The previously unreconciled acceleration of 1I/2017 U1 ‘Oumuamua, a strange object of extrasolar origin discovered on October 19, 2017 by the Pan-STARRS 1 telescope, was due to the production of hydrogen gas from ice reserves, according to new research.
This artist’s impression shows ‘Oumuamua, the first interstellar object discovered in our Solar System. Image credit: NASA / ESA / Hubble / ESO / M. Kornmesser.
In 2017, a mysterious object dubbed ‘Oumuamua fired the imaginations of scientists and the public alike.
It was the first known visitor from outside our Solar System, it had no bright coma or dust tail, like most comets, and a peculiar shape — something between a cigar and a pancake — and its small size more befitted an asteroid than a comet.
But the fact that it was accelerating away from the Sun in a way that astronomers could not explain perplexed scientists, leading some astronomers to suggest that it was an alien spaceship.
In a new model developed by University of California, Berkeley astrochemist Jennifer Bergner and Cornell University astronomer Darryl Seligman, the acceleration of ‘Oumuamua is attributed to the release of trapped molecular hydrogen from within the object.
This hydrogen has been formed through energetic processing of water-rich ice as the body passed close to the Sun, and is subsequently released from the object, slightly bending its path through our Solar System.
Such reactions have been demonstrated in existing experimental work, showing that molecular hydrogen is known to be produced and subsequently expelled under such conditions.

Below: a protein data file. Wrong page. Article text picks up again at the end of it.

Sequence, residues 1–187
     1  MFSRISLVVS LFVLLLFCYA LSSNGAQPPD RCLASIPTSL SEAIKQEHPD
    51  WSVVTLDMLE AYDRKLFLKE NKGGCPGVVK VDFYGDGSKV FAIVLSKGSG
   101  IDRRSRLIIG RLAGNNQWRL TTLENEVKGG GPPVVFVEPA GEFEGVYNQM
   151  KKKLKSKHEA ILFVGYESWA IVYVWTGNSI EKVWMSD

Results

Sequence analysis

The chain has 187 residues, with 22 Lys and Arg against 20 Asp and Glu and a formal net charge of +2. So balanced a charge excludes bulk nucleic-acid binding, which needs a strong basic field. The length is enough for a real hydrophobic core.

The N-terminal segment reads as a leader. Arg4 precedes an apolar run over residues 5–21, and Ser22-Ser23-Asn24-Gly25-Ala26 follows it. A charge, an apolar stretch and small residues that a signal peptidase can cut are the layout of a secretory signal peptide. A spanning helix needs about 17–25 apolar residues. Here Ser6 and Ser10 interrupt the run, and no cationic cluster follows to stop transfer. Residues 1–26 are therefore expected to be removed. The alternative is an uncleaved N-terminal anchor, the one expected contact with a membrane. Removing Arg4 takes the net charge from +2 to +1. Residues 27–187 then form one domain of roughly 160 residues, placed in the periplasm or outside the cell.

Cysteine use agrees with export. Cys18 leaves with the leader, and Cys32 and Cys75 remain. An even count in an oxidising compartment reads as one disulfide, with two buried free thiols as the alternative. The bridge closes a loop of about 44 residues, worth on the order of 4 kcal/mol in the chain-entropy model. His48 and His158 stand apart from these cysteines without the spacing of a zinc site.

Importantly, this model helps the astronomers understand ‘Oumuamua’s unusual properties without requiring further fine-tuning.
“For a comet several kilometers across, the outgassing would be from a really thin shell relative to the bulk of the object, so both compositionally and in terms of any acceleration, you wouldn’t necessarily expect that to be a detectable effect,” Dr. Bergner said.
“But because ‘Oumuamua was so small, we think that it actually produced sufficient force to power this acceleration.”
The findings support previous theories that ‘Oumuamua may have originated as an icy planetesimal — a small object formed during the early stages of planet formation — similar to solar system comets.
“The main takeaway is that ‘Oumuamua is consistent with being a standard interstellar comet that just experienced heavy processing,” Dr. Bergner said.
“The models we ran are consistent with what we see in the Solar System from comets and asteroids.”
“So, you could essentially start with something that looks like a comet and have this scenario work.”
“The idea also explains the lack of a dust coma,” Dr. Seligman added.
“Even if there was dust in the ice matrix, you’re not sublimating the ice, you’re just rearranging the ice and then letting hydrogen get released.”
“So, the dust isn’t even going to come out.”
The findings appear in the journal Nature.
J.B. Bergner & D.Z. Seligman. 2023. Acceleration of 1I/‘Oumuamua from radiolytically produced H2 in H2O ice. Nature 615, 610-613; doi: 10.1038/s41586-022-05687-w
Source : Breaking Science News